Nation state attacks are not the only possible threats ICS facilities face. Bad actors behind ransomware attacks consider all industries and critical infrastructures to be a desirable target.
Last year, ransomware attackers struck a natural gas plant, forcing it to shut down. State-backed ransomware groups pursue big targets, including industrial systems, chemical plants, government, DoD and more, in the US and worldwide. Healthcare facilities have always been a primary target, but attackers have aggressively gone after healthcare sites and labs during the COVID-19 pandemic.
The ransomware gangs include Maze, responsible for 57 incidents against ICS. Maze is known for encrypting, exfiltrating and threatening to publish the data of its victims. Other ransomware operators include REvil (Sodinokibi), Ryuk, Snatch, Netwalker, DoppelPaymer and others. And of course, the list is incomplete without including WannaCry.
Reports tracking ICS attacks have shown over 700 attacks on critical infrastructure over seven (7) years, with over half (440) of those happening since 2019. Around five (5) attacks on ICS occur every week.
Supply Chain Attacks
Supply chain attacks happen when applications or software from a third party has been compromised with malicious code and is then distributed on production servers. Customers on the receiving end accept the software believing it to contain benign updates. But when activated, the malware then creates backdoors and downloads dangerous exploits on the customers’ systems.
These sophisticated attacks occur in memory at runtime and include memory-based threats such as buffer errors, DLL injections and hijacking. These techniques handily sneak by traditional security tools and often remain undetected for months. Meanwhile, the perpetrators carry out their plans in secret, whether that’s spying, stealing data, or laying the groundwork for a larger attack.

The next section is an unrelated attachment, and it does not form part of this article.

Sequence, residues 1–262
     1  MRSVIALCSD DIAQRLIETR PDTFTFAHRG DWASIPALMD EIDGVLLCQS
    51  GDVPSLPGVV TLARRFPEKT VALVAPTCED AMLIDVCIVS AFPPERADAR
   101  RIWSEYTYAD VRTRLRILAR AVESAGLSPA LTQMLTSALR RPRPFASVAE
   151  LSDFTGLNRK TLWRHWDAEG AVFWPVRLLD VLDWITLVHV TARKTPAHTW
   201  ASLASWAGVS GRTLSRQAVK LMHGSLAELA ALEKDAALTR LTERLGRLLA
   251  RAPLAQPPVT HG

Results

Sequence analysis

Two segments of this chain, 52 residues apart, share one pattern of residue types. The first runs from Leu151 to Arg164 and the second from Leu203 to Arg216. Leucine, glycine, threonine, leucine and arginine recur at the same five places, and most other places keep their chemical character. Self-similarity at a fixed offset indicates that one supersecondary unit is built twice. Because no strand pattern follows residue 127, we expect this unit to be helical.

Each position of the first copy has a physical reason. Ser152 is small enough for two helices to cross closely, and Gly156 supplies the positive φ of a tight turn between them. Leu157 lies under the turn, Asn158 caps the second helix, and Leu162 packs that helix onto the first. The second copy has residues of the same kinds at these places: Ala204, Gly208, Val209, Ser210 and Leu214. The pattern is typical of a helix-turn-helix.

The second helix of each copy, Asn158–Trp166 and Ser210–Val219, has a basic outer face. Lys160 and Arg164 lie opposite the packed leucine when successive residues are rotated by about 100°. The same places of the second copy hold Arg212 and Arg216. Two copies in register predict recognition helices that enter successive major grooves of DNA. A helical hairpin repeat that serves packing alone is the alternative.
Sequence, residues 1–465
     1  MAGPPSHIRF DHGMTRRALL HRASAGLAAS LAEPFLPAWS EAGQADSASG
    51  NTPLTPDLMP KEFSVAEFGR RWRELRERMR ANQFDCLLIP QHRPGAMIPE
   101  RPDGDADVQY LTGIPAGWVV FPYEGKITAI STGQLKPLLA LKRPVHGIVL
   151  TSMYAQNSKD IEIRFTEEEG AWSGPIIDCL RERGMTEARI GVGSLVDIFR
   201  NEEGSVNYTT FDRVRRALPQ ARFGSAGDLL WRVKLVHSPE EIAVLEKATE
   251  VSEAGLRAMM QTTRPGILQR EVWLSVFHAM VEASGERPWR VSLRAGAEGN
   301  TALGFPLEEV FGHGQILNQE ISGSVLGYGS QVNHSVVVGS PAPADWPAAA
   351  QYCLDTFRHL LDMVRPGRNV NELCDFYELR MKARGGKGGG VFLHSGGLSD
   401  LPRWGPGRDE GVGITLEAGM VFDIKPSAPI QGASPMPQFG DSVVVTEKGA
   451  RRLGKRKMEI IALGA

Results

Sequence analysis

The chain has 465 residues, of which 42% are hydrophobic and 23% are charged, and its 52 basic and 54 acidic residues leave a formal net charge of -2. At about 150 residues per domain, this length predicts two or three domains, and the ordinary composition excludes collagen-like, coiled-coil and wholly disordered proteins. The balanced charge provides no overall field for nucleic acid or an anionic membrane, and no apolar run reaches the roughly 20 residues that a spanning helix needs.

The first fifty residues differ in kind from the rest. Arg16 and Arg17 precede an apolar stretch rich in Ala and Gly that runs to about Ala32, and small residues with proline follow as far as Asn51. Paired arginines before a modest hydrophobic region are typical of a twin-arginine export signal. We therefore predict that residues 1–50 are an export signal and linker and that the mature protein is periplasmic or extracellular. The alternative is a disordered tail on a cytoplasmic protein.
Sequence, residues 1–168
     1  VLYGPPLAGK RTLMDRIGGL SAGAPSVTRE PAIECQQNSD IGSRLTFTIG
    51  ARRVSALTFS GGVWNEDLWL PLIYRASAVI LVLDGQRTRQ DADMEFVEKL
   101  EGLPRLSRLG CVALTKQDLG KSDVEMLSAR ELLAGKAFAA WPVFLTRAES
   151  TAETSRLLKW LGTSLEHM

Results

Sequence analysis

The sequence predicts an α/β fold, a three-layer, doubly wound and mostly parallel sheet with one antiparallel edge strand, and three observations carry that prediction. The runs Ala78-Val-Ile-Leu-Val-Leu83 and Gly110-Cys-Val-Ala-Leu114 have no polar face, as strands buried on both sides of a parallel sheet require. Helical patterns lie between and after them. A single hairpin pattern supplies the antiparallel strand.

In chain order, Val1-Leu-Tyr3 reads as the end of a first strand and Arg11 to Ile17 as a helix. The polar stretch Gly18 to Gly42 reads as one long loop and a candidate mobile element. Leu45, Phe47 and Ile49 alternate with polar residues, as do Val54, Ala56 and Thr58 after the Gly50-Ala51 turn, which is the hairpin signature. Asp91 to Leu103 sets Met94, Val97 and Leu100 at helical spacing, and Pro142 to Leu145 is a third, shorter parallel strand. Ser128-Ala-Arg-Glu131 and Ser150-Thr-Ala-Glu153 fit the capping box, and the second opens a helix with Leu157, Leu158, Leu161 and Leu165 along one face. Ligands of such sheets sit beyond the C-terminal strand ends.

We saw this exact scenario play out last December in the extensive SolarWinds attack. Risks in the supply chain mean the attackable surface of ICS systems is much larger than an organization’s own network. It expands to include vendors, partners, service providers and third-party cloud environments. For a more detailed analysis on the SolarWinds supply chain attack, please see our blog post The Real Culprit Behind SolarWinds: Remote Code Execution.
ICS infrastructures are also challenged to confirm the security of the supply chain for the OT system devices and sensors they rely on. There is no requirement to comply with the ISO 27001-2013 standard, which means ICS operators must often verify the security of their suppliers themselves. For multiple reasons, supply chains cannot be assumed to be a trusted method of software deliveries.
Virsec Protects ICS Environments from the Inside
The Virsec Security Platform provides memory control flow integrity (CFI) to secure all aspects of SCADA application and underlying workload components running in disparate environments.
Relying on in-depth workload and application awareness, Virsec stops devastating attacks before damage is done. With intrinsic knowledge of acceptable process behavior, visibility into process flow, and ongoing monitoring file systems and memory, Virsec ensures that only approved and expected code is allowed to execute.
Virsec’s Application-Aware Workload Protection
Mitigate both known & unknown vulnerabilities with app-aware technology (AppMap), preventing any unknown or unwarranted code changes at runtime without learning.
Zero dwell time defense through the full stack.
Ensures only legitimate libraries load whenever an application process is spawned
Distinguishes between authorized and unauthorized processes to detect library injections or code not part of either an executable or core app component
Curtails malicious efforts to hijack, compromise, or leverage critical system files.
Provides runtime visibility of process memory to prevent memory-based threats, fileless malware, and unknown zero-day attacks
Stay tuned to our blog for the next installment in this series.
Web page: Supply Chain Protection
White paper: Zero Trust Workload Protection